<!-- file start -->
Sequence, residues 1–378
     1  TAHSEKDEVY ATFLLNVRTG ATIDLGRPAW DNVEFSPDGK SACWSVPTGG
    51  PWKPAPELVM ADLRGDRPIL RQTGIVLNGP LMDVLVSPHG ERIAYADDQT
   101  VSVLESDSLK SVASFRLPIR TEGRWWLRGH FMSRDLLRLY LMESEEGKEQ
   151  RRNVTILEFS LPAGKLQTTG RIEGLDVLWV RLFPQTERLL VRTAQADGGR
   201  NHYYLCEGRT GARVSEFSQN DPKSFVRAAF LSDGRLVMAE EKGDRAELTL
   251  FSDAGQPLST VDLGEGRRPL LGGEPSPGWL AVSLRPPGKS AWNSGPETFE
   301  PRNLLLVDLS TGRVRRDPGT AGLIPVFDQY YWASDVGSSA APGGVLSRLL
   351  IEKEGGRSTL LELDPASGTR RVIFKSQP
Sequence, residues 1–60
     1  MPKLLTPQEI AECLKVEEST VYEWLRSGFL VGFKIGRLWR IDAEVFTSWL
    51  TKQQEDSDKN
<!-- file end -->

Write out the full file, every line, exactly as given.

Sequence, residues 1–378
     1  TAHSEKDEVY ATFLLNVRTG ATIDLGRPAW DNVEFSPDGK SACWSVPTGG
    51  PWKPAPELVM ADLRGDRPIL RQTGIVLNGP LMDVLVSPHG ERIAYADDQT
   101  VSVLESDSLK SVASFRLPIR TEGRWWLRGH FMSRDLLRLY LMESEEGKEQ
   151  RRNVTILEFS LPAGKLQTTG RIEGLDVLWV RLFPQTERLL VRTAQADGGR
   201  NHYYLCEGRT GARVSEFSQN DPKSFVRAAF LSDGRLVMAE EKGDRAELTL
   251  FSDAGQPLST VDLGEGRRPL LGGEPSPGWL AVSLRPPGKS AWNSGPETFE
   301  PRNLLLVDLS TGRVRRDPGT AGLIPVFDQY YWASDVGSSA APGGVLSRLL
   351  IEKEGGRSTL LELDPASGTR RVIFKSQP
Sequence, residues 1–60
     1  MPKLLTPQEI AECLKVEEST VYEWLRSGFL VGFKIGRLWR IDAEVFTSWL
    51  TKQQEDSDKN